Nurith Aizenman

Ever since the coronavirus reached the U.S., officials and citizens alike have gauged the severity of the spread by tracking one measure in particular: How many new cases are confirmed through testing each day. However, it has been clear all along that this number is an understatement because of testing shortfalls.

Now a research team at Columbia University has built a mathematical model that gives a much more complete — and scary — picture of how much virus is circulating in our communities.

How to make sure the world is never so devastated by another pandemic?

Health officials from around the globe have been vigorously discussing that question over the past week at the annual meeting of the World Health Organization's Executive Board. The members, whose nine-day-long, mostly virtual gathering concludes on Tuesday, have heard recommendations from four separate panels.

Exactly one year ago today, the World Health Organization first learned of a cluster of a few dozen pneumonia cases in Wuhan, China of "unknown" origin. The cause, of course, would turn out to be the coronavirus behind the current pandemic. Here's a by-the-numbers summary of the toll the virus has taken on countries across the globe since that fateful day.

Full disclosure: As someone who grew up the big sister to a brother, I have a bit of a stake in the subject of this article. It's a new study that suggests big sisters can make a powerful difference for their younger siblings.

But there's no such personal angle for the authors of the study: economists Pamela Jakiela and Owen Ozier of Williams College in Massachusetts. "No! I'm an only child," Jakiela says with a chuckle. "And Owen is an older brother."

Among the promises that President elect-Biden is expected to fulfill immediately upon taking office: lifting a ban that President Trump imposed on U.S. foreign aid dollars related to abortion.

When Steve Davis considers the prospects of the world's poorest citizens he is filled with .... hope. The reason: Five promising trends that, he says, are gaining steam even amid deeply worrisome developments that get much more attention.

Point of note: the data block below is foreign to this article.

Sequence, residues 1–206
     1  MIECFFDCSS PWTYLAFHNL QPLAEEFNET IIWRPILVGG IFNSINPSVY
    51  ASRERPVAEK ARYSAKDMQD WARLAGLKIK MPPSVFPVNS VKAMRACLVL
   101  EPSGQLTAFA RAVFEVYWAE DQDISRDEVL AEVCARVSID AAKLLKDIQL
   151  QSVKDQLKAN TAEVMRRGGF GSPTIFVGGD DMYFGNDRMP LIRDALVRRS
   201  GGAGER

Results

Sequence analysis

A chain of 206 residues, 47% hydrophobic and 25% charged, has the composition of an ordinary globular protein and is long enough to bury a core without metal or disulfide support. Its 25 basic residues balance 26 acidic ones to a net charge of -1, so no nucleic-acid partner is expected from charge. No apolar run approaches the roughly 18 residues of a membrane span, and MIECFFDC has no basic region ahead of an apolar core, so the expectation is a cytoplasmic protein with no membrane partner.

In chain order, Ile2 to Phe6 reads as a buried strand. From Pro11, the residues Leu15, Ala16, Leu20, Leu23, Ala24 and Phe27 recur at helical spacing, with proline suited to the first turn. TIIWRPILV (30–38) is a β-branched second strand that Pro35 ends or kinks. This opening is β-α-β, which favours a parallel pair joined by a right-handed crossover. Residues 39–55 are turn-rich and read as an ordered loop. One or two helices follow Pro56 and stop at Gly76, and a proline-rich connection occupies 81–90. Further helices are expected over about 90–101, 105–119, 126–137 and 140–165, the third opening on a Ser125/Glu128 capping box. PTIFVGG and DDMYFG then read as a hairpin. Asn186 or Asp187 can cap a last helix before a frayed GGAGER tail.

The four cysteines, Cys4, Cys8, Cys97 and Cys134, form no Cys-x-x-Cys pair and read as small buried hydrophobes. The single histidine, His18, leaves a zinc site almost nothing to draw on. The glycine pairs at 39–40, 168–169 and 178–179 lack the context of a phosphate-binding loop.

What are the biggest drivers of human suffering?

Every year an international team of researchers aims to answer that question by assembling a mammoth data set called the "Global Burden of Disease." It has become the go-to source for tracking and ranking the impact of virtually every disease or condition that is killing, sickening or otherwise disabling people in virtually every country on the planet.

The coronavirus pandemic has now killed at least 1 million people worldwide. That's according to a tally maintained by Johns Hopkins University. This sobering milestone was reached just nine months after the first reported fatality in China last January. And public health experts believe the actual toll – the recorded deaths plus the unrecorded deaths – is much higher.

Every year, Stephen Lim and his colleagues at the University of Washington compile and analyze health data from every country on the planet to come up with a sort of global report card.

Year after year, one of the biggest success stories has been the vaccination of children.

"We've really seen this steady progress in increasing the fraction of children who are receiving ... in particular, the basic vaccines — diphtheria, tetanus and pertussis," Lim says.

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New estimates released this week suggest the global impact of the coronavirus pandemic will reach even greater levels of awfulness before 2020 is over: A prominent forecasting team projects that between now and Jan. 1, the virus will kill an additional 1.9 million people worldwide, pushing the total death toll by year's end to above 2.8 million.

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